Within the healthcare sector, data can be used to create a more predictive and personalised healthcare model; contributing significantly to medical research and a more positive patient experience.

Ultimately this can shift the NHS from an illness to a wellness model.

Informatics can now identify the risk factors that put the patient at high risk of developing a condition and help tackle it before it strikes. Monitoring patients using data can also dramatically improve care management. A recent report from EMC and Volterra highlighted the need for acceleration in the uptake of data analytics techniques and technologies to drive £16bn or more in efficiency savings to plug the NHS funding gap.

With all these potential benefits available to the healthcare sector, it’s crucial the discussion isn’t shut down before it’s even begun. It’s essential consumers understand how data can be used to benefit them and the wider population, rather than feeling as though their data is being used solely to aid sales and increase insurance premiums. As part of this, it’s crucial the government scrutinise legislation to ensure patient data is protected and to ensure a greater transparency around how data is being used in healthcare. The major challenge sits in providing proof points for data, leading to greater good and encouraging best practice across the entire healthcare sector.

The future of healthcare will require the right people to have access to patient’s data, with their consent, allowing them to provide appropriate care based on a full understanding of the patient’s history. This can drive real change in how we are able to predict and tackle health problems across the population, particularly around chronic diseases, and drive an efficient and effective health service in the UK.

Until that point, it’s down to the government and industry to tackle the data challenge together and convince patients that giving access to some of their personal data will be beneficial to the health of the nation and, ultimately, their own.

 

The future of digital: A deep-dive into party manifestos – Labour and Liberal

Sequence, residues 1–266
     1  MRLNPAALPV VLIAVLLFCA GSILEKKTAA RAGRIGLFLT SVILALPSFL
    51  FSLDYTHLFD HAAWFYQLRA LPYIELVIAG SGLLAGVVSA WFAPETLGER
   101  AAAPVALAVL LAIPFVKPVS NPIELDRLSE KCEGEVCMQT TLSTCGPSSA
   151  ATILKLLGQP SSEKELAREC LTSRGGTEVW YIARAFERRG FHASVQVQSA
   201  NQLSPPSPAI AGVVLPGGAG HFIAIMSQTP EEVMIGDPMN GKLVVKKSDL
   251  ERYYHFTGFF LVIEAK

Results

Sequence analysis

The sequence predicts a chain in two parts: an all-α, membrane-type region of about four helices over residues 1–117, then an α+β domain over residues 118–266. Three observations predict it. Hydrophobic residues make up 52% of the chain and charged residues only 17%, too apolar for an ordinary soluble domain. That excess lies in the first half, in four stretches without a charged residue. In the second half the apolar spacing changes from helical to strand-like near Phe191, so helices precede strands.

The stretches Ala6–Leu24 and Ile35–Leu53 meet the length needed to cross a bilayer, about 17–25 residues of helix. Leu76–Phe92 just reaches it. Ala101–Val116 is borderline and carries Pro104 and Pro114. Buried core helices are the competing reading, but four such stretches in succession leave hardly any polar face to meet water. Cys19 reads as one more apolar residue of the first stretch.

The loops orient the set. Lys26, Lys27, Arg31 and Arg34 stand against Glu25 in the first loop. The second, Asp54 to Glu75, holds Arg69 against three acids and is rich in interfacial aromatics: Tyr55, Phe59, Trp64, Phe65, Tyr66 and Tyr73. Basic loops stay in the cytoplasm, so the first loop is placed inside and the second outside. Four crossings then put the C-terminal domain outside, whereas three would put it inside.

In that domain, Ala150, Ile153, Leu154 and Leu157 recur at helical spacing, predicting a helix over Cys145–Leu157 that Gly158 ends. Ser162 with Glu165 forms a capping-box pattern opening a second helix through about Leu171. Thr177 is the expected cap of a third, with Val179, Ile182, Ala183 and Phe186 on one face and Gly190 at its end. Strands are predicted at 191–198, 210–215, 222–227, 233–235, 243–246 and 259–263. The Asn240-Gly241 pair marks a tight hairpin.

With the May elections looming, predictions are in full swing as to how technology and digital transformation would develop under each political party. In a previous post we looked at the work the Conservative Party has done and their intentions for the future, but what do the other parties have in store?

Digitisation under the Labour Party

Labour has shown an increasing interest in digital issues in recent months. For example, in November, the Shadow Cabinet Office Minister Chi Onwurah published details of her party’s Digital Government Review.

Like the conservatives, Labour would broadly-speaking continue much of the current agenda, including work with the Government Digital Services (GDS) to digitise public services, making smarter use of data and reforming procurement. Labour also favours the use of common architectures based on open standards, opening up APIs and developing more agile and innovative solutions.

However, there are some noteworthy changes. Most importantly, Labour wants to focus on trust, transparency and security, particularly in relation to the use of citizen data. The party intends to publish a review of data sharing and privacy within 90 days of entering office, providing citizens with more information and control over their data. Citizens’ ownership of their own data will be more explicit and new limits will restrict the government’s ability to pass data on to third parties for commercial gain without their consent.

Labour wishes to emphasise digital inclusion and skills, for citizens and within the public sector. From a citizen perspective, digital services would be designed to be accessible by all members of society, including the most excluded and disadvantaged. Investment would be made in boosting citizens’ digital skills to ensure everyone is able to use digital services. To focus on the most difficult social problems rather than cost reduction, Labour wants to apply a ‘social benefits test’ to new digital services.

This would apply equally to local and central government, and Labour would do more to encourage local authorities to collaborate and develop shared services. For the public sector, leadership and skills are to be a higher priority, and government transformation a Cabinet level priority. Finally, Labour aims to provide more training to improve digital skills throughout the civil service.

The Liberal Democrats’ test the tech waters

Of the three main parties, the Liberal Democrats have said the least about applying technology to transform the public sector. A handful of figures, notably Julian Huppert and Lord Wallace of Saltaire, are getting more engaged in the digital revolution and have recently helped their party to launch an Entrepreneurs Network to engage with the tech sector and help influence the development of Liberal Democrat policy. Like Labour, the party’s starting point is to place greater emphasis on digital inclusion and the protection of individual rights in areas like data sharing, rather than simply aiming for cost savings.

Having looked at all three parties’ policies it’s clear there is a considerable amount of consensus over the digital agenda. This is hardly surprising given that all three parties are committed to delivering significant spending cuts in the next Parliament, £24.9bn by the Conservatives, £5.2bn by Labour and £7.9bn by the Lib Dems. Regardless of the make-up of the next government, it will need to think digital, build on the progress achieved to date and accelerate the pace of transformation to delivery services more efficiently to meet citizens’ rising expectations.